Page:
Yes, of course you must study the images too. What's up with that? They were not included here to simply amuse your pet mouse!
Procedural Versus Authentic Democracy
Democracy, in its true sense, has two related halves: the procedural and the authentic (or substantive) where the former is the means to the latter.
In a capitalist democracy, like this one, the tendency is to emphasize the procedural at the expense of the authentic because it serves the interests of the capitalist class (as will be evident shortly). However, one without the other simply reduces democracy to a well-meaning but empty slogan. The first half refers to majority rule (but qualified by a bill of rights that protects minorities) and the accompanying institutional processes of rule of law, voting, elections, term-limits, legislative representation, and so on. This narrowly defined understanding of democracy can be labeled as procedural democracy.
Authentic (Substantive) Democracy
Democracy, however, also has a broader substantive meaning (second half), as captured, for example, by the Preamble to the U.S. Declaration of Independence. To quote the key sentence: “WE hold these Truths to be self-evident, that all [Persons] are created equal, that they are endowed by their Creator with certain unalienable Rights, that among these are Life, Liberty, and the Pursuit of Happiness.” (Of course, even as one turns to that document, one cannot help but imagine how great that document could have really been if only its architects had at the same time not refused to consider other peoples, such as the enslaved African Americans and the Aboriginal Americans, worthy of these same rights; instead they even went on to label the latter as “merciless Indian Savages,” and made them the source of one more grievance among the many listed by the document against the British Crown.)
Authentic democracy then, in essence, is about equitably securing access for all human beings to the four fundamental needs: food, shelter, health, and security. (See development for further elaboration on these needs.) One cannot be certain whether President Abraham Lincoln had authentic democracy or procedural democracy in mind when he concluded his short but powerful speech (which we have come to know as The Gettysburg Address and fittingly reproduced on the Lincoln Monument in Washington, D.C. ) that he delivered several months following the culmination of one of the most horrific battles of the U.S. Civil War, at Gettysburg—a small rural town in south central Pennsylvania where over a period of just three days, July 1 through July 3, 1863, General George G. Meade’s Union Army and General Robert E. Lee’s Confederate forces fought an unplanned battle that consumed perhaps seven thousand lives but with thousands upon thousands more wounded, captured, or missing—with the words “…and that government of the people, by the people, for the people, shall not perish from the earth,” but they certainly capture what a truly democratic government, which, remember, is constituted from and funded by a vast majority of ordinary tax payers, should be concerned with uppermost: the promotion of, both, procedural and authentic democracy.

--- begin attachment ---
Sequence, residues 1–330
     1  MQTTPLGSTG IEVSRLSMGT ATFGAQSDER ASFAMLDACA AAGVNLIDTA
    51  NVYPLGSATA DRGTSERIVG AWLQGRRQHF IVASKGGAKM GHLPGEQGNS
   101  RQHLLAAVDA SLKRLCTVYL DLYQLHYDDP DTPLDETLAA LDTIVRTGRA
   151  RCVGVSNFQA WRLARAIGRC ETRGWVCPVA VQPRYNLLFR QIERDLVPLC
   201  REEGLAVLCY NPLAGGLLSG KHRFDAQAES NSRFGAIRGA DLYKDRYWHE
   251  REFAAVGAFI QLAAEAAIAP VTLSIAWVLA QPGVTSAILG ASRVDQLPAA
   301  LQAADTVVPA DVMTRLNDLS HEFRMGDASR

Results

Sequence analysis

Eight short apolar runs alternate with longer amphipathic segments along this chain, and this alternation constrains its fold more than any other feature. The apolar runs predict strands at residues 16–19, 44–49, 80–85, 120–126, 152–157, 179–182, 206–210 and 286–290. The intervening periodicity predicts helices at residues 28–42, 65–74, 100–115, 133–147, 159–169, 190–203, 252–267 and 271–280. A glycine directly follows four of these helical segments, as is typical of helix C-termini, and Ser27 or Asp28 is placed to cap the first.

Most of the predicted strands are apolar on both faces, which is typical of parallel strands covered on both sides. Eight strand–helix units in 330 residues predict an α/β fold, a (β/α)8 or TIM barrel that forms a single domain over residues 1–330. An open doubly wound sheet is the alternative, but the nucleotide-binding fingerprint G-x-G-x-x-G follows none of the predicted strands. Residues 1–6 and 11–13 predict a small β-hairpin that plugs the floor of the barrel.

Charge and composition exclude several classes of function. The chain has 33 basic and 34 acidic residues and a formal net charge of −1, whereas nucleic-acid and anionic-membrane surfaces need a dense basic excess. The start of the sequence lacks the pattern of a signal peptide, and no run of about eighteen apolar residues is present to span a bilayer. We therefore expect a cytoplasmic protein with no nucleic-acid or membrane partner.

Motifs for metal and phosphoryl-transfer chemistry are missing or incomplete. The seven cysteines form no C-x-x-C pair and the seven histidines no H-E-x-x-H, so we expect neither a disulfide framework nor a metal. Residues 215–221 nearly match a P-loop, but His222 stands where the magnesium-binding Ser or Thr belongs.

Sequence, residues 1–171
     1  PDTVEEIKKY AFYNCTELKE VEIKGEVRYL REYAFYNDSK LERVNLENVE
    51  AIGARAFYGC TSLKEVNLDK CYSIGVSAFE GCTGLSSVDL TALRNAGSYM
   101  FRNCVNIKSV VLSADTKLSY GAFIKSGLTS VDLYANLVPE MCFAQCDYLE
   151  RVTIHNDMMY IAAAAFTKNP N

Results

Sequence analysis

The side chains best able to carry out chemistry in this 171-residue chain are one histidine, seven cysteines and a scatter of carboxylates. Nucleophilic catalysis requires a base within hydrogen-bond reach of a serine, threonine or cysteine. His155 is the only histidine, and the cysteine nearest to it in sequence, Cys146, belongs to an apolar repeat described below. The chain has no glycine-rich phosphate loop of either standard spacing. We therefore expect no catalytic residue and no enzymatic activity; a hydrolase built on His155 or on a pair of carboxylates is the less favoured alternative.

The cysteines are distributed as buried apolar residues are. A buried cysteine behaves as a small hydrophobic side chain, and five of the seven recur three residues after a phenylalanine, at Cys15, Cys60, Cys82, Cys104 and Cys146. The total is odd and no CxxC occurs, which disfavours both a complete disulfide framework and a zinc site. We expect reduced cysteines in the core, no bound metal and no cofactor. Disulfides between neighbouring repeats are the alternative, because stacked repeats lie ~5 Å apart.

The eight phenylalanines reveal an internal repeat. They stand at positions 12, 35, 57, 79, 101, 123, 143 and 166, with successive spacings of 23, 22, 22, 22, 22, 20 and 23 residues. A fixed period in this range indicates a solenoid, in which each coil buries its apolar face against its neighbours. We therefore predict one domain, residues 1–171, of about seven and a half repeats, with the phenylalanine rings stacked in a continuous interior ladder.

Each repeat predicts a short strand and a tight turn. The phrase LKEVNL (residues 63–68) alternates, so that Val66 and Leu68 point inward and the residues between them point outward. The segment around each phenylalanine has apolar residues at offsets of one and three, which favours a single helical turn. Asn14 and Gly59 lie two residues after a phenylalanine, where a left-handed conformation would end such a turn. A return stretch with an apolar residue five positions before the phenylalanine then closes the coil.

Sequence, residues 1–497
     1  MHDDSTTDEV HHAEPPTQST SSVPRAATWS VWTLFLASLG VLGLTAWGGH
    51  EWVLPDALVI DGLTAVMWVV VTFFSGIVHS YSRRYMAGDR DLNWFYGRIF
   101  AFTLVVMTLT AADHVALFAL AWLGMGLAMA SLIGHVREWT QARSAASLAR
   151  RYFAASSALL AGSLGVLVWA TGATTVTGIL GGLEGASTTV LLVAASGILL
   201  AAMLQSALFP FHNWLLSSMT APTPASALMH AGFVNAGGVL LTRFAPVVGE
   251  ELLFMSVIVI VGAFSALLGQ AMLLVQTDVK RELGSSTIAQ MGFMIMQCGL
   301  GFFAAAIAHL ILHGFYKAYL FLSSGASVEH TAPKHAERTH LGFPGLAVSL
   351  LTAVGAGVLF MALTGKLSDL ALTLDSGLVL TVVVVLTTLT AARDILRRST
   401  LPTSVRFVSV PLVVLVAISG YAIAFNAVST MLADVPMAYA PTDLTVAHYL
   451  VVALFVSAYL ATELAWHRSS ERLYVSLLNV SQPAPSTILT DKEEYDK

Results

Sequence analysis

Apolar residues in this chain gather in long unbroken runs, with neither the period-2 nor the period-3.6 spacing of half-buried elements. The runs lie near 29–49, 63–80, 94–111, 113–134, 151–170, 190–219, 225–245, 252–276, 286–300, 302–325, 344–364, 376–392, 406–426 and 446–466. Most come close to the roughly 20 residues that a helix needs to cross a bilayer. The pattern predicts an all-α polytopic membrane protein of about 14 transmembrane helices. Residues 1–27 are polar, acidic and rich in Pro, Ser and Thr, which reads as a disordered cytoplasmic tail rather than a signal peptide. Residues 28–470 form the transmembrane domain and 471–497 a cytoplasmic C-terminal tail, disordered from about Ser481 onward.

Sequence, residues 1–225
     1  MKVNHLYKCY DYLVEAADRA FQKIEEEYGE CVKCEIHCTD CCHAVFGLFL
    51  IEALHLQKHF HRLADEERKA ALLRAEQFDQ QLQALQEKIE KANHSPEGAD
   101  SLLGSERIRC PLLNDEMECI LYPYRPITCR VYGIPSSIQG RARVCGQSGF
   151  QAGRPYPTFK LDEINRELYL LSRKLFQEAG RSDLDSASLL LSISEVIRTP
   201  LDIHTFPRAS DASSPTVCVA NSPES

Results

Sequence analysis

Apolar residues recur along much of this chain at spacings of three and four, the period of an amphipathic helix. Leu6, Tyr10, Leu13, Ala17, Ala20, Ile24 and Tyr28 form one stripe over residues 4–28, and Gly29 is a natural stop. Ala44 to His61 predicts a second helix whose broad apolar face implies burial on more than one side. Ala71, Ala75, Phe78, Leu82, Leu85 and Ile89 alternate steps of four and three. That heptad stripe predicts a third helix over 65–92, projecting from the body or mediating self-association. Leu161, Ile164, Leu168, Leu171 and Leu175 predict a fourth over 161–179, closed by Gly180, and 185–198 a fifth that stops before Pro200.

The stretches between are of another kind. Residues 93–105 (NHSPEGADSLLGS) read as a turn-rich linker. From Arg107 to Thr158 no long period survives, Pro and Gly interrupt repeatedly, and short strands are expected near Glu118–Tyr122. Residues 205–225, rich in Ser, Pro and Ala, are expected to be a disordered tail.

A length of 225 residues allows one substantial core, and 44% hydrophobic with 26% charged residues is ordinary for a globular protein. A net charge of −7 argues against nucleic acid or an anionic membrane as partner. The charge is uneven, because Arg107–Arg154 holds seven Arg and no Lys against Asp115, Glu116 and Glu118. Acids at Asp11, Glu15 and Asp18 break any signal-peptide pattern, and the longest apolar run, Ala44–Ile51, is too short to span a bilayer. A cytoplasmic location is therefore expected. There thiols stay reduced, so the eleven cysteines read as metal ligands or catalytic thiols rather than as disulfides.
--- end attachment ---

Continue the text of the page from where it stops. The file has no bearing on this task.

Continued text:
In practice, authentic democracy finds expression, along two fronts: First, in all those tax-payer funded expenditures designed to improve the lives and working conditions of all in society. These range from the social safety net to transportation infrastructure (e.g. roads, bridges, and airports), on to social amenities and services (e.g. the postal system, schools, colleges, libraries, and parks)—and which may all be collectively referred to as public wages. Second, it finds expression in all those legislative measures enacted, in spite of politically myopic opposition from the bourgeoisie, at the behest of the lower classes at opportune historical moments—the appropriate people are in Congress and the appropriate person is in the White House—for the purpose of curtailing the excesses of capitalism (constituting a form of class-struggle aimed at resisting the class warfare of the bourgeoisie); such as: the creation of safe working conditions; giving worker’s the right to organize (trade unions) and pursue collective bargaining; protection of the biosphere to ensure access to clean air and water, maintain biological diversity, etc.; creation of agencies to monitor safety in food supply, medicines, health care, air-travel; consumer rights, etc.; establishment of the minimum wage; enactment of child labor laws; the creation of a social safety net (see below); and so on.